During the game, controlled contact is allowed by way of body and stick checking. A player may use his body to check an opponent from the front or side in an attempt to move them off the ball, or he may use his stick to try to dislodge the ball from his opponent’s crosse. Contact is carefully monitored by the referee, any overly aggressive play is penalised by instant penalties (usually the sending off of the offending player for a short period - the time being dependent upon the seriousness of the offence). During the penalty period the offending team may not replace the player who has been removed from the game. Though lacrosse can appear to be quite aggressive, violence is neither condoned nor allowed.

Substitutions are made ‘on the fly’ with players moving on and off the field when required by the coach. For this reason, although the team on the field at any one time is made up of just 10 players, the squad may be larger. Players will rarely take part for the full length of the match, indeed the speed and overall pace of the game being such that a short break can often be a welcome relief! This system also means that every squad member will have an opportunity to take part in the game.

The Lacrosse Referee

The Lacrosse Referee

In junior lacrosse there will, ideally, be a minimum of two referees (umpires) on the field. For senior lacrosse games there will usually be three referees on the pitch, such is the pace of the game.

As well as facilitating the free flow of the game, the referee is also responsible for ensuring that the technical rules are adhered to, and for ensuring that players do not use excessive force to win possession and score goals.

Lacrosse players can commit both personal (serious) and technical (less serious) fouls which result in the offending player leaving the pitch for a penalty period.

The referee uses a series of arm signals to communicate his decisions to the players on the field and to other officials. You can find out what they mean here

The Field Of Play

The Field Of Play

Lacrosse Equipment

Lacrosse Equipment

Lacrosse Balls

The ball used in field lacrosse is made from hard rubber and measures approximately 2 inches in diameter. The ball travels at high speeds with top adult players managing shot speeds approaching 100mph.

Lacrosse Sticks

Lacrosse sticks were originally made from wood (often hickory), but nowadays most comprise of an aluminium alloy shaft with a separate head made from durable plastic. A cloth net in the head is formed into a ‘pocket’ for catching, throwing and cradling the ball. Most players will carry a ‘short’ stick (in the British game measuring between 40 and 42 inches) which is easiest to handle for all round play. Each team may also have up to a maximum of four players on the field carrying a ‘long’ stick (with an overall length between 52 and 72 inches). These are most often used by defensive and occasionally by midfield players. They are less easy to handle, but allow for a longer reach and allow the players to contest a grounded ball from a greater distance. Goalkeepers use a shorter stick, but with a much larger crosse.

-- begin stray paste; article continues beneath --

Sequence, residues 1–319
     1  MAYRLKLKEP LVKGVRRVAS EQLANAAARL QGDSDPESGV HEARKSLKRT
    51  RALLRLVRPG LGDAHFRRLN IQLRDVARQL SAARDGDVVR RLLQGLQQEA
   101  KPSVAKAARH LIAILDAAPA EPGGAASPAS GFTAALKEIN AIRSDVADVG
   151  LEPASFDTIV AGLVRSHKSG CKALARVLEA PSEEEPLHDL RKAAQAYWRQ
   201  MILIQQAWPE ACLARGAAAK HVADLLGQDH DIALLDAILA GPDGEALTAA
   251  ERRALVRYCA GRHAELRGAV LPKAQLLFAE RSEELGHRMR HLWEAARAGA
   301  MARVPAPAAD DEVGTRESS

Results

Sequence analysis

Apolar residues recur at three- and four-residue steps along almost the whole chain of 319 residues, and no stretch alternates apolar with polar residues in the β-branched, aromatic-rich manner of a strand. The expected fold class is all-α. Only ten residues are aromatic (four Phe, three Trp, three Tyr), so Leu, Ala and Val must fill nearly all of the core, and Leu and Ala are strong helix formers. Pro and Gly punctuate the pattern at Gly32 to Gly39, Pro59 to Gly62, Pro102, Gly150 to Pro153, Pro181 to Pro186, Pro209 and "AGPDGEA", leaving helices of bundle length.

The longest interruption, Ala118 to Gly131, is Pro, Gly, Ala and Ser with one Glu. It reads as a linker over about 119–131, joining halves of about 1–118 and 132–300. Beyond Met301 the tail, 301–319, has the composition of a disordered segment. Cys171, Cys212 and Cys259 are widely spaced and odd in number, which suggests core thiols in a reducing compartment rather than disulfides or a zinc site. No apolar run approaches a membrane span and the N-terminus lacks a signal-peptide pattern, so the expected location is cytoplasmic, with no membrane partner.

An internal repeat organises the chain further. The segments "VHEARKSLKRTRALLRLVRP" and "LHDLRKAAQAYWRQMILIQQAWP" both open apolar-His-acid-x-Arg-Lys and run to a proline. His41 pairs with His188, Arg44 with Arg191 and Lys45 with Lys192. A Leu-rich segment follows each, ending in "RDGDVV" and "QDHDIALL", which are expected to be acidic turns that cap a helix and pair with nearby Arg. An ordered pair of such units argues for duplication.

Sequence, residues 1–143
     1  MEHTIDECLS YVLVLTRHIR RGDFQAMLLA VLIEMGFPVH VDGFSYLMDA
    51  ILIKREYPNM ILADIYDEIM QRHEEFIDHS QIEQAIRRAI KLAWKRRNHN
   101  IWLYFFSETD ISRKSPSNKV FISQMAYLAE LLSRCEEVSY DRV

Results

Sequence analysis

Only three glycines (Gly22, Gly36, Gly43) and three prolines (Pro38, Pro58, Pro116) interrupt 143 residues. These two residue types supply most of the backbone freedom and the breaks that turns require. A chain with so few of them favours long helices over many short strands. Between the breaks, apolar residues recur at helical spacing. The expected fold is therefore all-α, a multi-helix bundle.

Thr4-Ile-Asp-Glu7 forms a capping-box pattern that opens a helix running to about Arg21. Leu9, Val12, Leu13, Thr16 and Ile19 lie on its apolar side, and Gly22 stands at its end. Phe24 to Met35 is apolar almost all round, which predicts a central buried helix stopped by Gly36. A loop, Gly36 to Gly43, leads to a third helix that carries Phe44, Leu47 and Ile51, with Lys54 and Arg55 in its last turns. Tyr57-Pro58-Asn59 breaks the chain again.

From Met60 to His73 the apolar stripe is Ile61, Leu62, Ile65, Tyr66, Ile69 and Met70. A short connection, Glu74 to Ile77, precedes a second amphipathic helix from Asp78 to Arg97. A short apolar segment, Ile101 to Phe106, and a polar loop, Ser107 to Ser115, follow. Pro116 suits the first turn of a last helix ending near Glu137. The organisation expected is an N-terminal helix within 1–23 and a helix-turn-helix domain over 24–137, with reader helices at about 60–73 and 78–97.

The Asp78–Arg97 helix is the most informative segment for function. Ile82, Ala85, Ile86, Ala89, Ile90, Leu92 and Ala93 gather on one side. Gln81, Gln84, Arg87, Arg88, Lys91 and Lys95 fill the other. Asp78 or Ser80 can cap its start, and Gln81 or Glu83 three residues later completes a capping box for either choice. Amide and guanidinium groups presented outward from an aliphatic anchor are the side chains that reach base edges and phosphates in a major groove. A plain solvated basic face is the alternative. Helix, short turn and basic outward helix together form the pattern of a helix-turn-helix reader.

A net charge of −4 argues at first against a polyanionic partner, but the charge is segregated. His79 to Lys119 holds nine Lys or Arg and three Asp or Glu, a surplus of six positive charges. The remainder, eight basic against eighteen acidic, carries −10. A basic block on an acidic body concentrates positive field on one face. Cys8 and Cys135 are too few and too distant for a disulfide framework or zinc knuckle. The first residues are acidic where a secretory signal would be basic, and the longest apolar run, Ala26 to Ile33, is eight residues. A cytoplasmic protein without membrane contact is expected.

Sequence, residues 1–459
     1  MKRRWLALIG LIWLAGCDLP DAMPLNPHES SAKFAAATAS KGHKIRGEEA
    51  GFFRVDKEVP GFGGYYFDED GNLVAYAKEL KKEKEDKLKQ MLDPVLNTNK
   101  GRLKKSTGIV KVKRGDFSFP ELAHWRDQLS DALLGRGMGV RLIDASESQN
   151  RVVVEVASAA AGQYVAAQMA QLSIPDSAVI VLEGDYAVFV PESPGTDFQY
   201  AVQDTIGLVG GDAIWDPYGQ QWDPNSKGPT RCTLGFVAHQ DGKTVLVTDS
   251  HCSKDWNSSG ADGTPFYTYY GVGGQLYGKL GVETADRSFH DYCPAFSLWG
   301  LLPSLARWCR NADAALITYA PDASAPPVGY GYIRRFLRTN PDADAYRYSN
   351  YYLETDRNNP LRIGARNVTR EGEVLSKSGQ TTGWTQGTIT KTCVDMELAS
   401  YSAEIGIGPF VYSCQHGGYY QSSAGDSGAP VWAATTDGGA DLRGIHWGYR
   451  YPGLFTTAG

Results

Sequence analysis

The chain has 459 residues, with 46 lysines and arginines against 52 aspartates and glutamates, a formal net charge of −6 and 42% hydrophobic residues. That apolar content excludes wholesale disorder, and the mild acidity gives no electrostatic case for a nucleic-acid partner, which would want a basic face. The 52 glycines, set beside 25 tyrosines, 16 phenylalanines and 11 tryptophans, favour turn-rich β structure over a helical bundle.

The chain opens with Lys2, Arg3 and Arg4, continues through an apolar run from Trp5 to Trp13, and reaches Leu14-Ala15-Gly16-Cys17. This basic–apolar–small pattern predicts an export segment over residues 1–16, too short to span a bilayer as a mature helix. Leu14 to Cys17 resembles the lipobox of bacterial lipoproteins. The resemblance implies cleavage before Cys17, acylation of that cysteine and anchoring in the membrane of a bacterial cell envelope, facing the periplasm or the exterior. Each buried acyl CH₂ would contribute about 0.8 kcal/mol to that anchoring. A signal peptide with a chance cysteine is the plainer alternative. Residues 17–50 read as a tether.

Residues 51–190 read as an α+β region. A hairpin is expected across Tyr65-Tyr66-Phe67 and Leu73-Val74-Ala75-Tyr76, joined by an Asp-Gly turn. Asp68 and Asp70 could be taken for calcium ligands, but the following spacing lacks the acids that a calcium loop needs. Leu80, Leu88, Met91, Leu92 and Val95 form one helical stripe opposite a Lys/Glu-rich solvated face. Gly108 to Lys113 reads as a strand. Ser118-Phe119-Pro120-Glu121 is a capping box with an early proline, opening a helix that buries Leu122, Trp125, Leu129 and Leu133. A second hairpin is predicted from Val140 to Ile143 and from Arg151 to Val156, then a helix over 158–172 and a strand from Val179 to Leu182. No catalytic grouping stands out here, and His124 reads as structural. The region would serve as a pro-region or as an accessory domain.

Lacrosse Goals

A regulation lacrosse goal is 6 feet tall by 6 feet wide and has a pyramid shaped net which is fixed 7 feet behind the centre of the goal line. The goal itself is situated in a marked circle known as the ‘crease’ which has a radius of 9 feet. No attacking player may enter the crease, though a player may reach inside the crease with his stick in an effort to pick up the ball.

Player Protection

Whilst serious injuries in Lacrosse are thankfully rare, it is important to wear the correct gear when practicing and playing. All players wear a helmet with an integral face guard. The helmet is made from a lightweight but strong high impact plastic and is usually decorated in club colours. Upper body protection in the form of chest, shoulder and elbow pads are worn underneath the jersey. Gloves are heavily padded around the wrist area and fingers to offer maximum protection from checks made to the players stick. As most games take place on soft grass surfaces, players will wear lacrosse cleats, or studded football or rugby boots.

The lacrosse goalkeeper wears additional protection. He must attach a throat guard to his helmet and his gloves may have extra padding, particularly in the area of the thumb. The goalkeeper’s chest protector is usually longer than that worn by outfield players, covering both the chest and abdominal area. Many goalkeepers also choose to wear shin and thigh protection.

Lacrosse : Fast Facts

  • Lacrosse is considered the oldest team sport in North America and is Canada’s national summer sport
  • In the original Native American version of the game, teams consisted of between 100 and 1000 men, on fields that were often several miles long.
  • In 1867 members of the Caughnawaga tribe came to England and played a demonstration game for Queen Victoria.
  • Women's lacrosse rules are closer to the original than in the Men's game which changed significantly in 1930's.
  • Lacrosse is currently the fastest growing team game in the USA, and is enjoying widespread growth throughout the UK and Europe.
  • Many famous names have played lacrosse in their youth including actors Tom Cuise and Michael J. Fox.
  • The North West of England has a long tradition of lacrosse, with the game being played here since the early 1800’s
  • Lacrosse has been contested at the Summer Olympic Games only twice-in 1904 and in 1908. It featured as a demonstration event at the 1928, 1932 and 1948 games.
  • In July 2010 the Men's World Lacrosse Championships was held in Manchester.
  • Lacrosse is addictive - Once you picked up a stick you won't want to put it down!



Want To Play?

Poynton Lacrosse Club welcomes new members of all ages. Please click here to find out more.